Sensational and fascinating are just two of the many adjectives that can be used to describe the movie experience in IMAX theaters. Image MAXimum is a motion picture film format that was conceptualized in the year 1967 at the Montreal Expo.
In this expo, some Canadian entrepreneurs and filmmakers, like Graeme Ferguson, Roman Kroiter and Robert Kerr, came up with an idea to make modifications in the projectors present in those times. To replace them, the idea of a single projector system called IMAX came into inception. Introduced officially in 1970, its has increased in popularity ever since.
Working of IMAX Projectors
The fundamental difference in IMAX and normal theaters is very evident the moment you step in an IMAX theater. The basic, and one of the most important, difference is the size of screen. In IMAX theaters, the screen is gigantic; 16 meters long by 22 meters wide or 52 by 73 feet is the norm, with the largest being 30 meters in size.
IMAX domes are types of screens that are hemispherical and have a diameter of 30 meters. If you're wondering how would it be possible to project images on such large screens, then you'll be surprised to know that IMAX projectors are not similar to normal projectors. Their basic designing and working are somewhat different.
The screens are large enough to fit in the area of vision, so you feel totally immersed in the movie. The field of motion is often so strong that it makes people ill. Generally, the films we see in theaters are in the 35 millimeter format and are almost square. However, we all know movie screens are not square; they're very wide for their heights.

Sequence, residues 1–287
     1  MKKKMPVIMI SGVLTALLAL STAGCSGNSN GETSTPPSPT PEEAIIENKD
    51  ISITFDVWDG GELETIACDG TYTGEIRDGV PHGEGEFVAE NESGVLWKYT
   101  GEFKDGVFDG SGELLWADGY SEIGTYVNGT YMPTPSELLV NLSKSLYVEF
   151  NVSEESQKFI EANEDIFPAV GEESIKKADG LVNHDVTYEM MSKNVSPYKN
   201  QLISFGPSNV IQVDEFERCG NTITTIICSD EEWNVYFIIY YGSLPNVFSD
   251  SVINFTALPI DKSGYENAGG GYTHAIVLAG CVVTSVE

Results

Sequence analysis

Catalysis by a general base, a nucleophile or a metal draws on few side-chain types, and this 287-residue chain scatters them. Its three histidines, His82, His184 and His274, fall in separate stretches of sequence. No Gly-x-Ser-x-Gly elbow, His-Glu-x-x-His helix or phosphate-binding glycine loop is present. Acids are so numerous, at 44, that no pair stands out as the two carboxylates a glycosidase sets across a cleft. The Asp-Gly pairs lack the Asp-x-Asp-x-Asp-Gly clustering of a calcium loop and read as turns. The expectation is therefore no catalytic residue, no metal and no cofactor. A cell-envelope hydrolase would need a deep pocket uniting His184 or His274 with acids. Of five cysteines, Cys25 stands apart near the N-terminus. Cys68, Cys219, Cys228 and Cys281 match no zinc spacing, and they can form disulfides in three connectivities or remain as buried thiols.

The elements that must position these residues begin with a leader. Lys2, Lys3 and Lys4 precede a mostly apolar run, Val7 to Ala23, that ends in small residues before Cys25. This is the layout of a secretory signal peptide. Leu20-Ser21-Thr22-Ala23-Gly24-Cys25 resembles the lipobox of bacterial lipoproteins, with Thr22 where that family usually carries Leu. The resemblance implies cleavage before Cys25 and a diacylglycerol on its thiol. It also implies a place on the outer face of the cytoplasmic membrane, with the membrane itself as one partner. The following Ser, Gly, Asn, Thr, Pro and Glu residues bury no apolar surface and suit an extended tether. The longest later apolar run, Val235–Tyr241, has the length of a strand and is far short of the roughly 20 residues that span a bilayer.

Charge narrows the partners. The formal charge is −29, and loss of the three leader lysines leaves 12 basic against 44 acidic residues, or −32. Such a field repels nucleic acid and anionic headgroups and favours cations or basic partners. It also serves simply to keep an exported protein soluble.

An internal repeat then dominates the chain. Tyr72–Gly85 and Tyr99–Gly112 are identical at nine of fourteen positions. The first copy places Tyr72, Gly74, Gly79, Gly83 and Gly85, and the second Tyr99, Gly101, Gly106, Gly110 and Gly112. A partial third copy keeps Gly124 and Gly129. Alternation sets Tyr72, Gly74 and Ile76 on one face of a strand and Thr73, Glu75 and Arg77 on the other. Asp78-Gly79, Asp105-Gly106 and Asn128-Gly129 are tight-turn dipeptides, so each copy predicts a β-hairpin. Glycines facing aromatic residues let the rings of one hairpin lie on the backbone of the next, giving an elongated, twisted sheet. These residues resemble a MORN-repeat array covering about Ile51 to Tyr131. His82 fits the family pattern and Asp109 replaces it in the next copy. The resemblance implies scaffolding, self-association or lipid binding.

This leads to the need of projectors in which the wide image is compressed into a 35 millimeter frame and expanded by the projector to fit the screen size.
The films in IMAX projectors come in a 15/70 film format. This means that each frame is 70 mm high and 15 perforations wide. This comes out to be nearly 10 times bigger than normal. This 15/70 frame makes these projectors a very specific type of device.
In normal projectors, the film to be presented is fed from the top of the projector. An arrangement known as 'sprocket' or 'claw' helps in advancing one frame and holding it in front of light. Finally, a shutter mechanism helps light shine through film and lens for few seconds onto the screen.
However, in IMAX projectors, the size of films is very big and normal projectors can't be used for such file formats. Hence, the projectors used are significantly different from normal projectors. Also, in such projectors, films move horizontally and not vertically.
With the help of a developed vacuum system, the image is sucked in front of the lens, so that all images are properly aligned in front of the lens. And unlike normal projectors, the shutters remain open for longer.
Basically, understanding the minor details of IMAX projectors can be better done through a detailed physical observation. These special projectors weigh as much as a small car, and use a nearly 15,000-watt water-cooled xenon unit.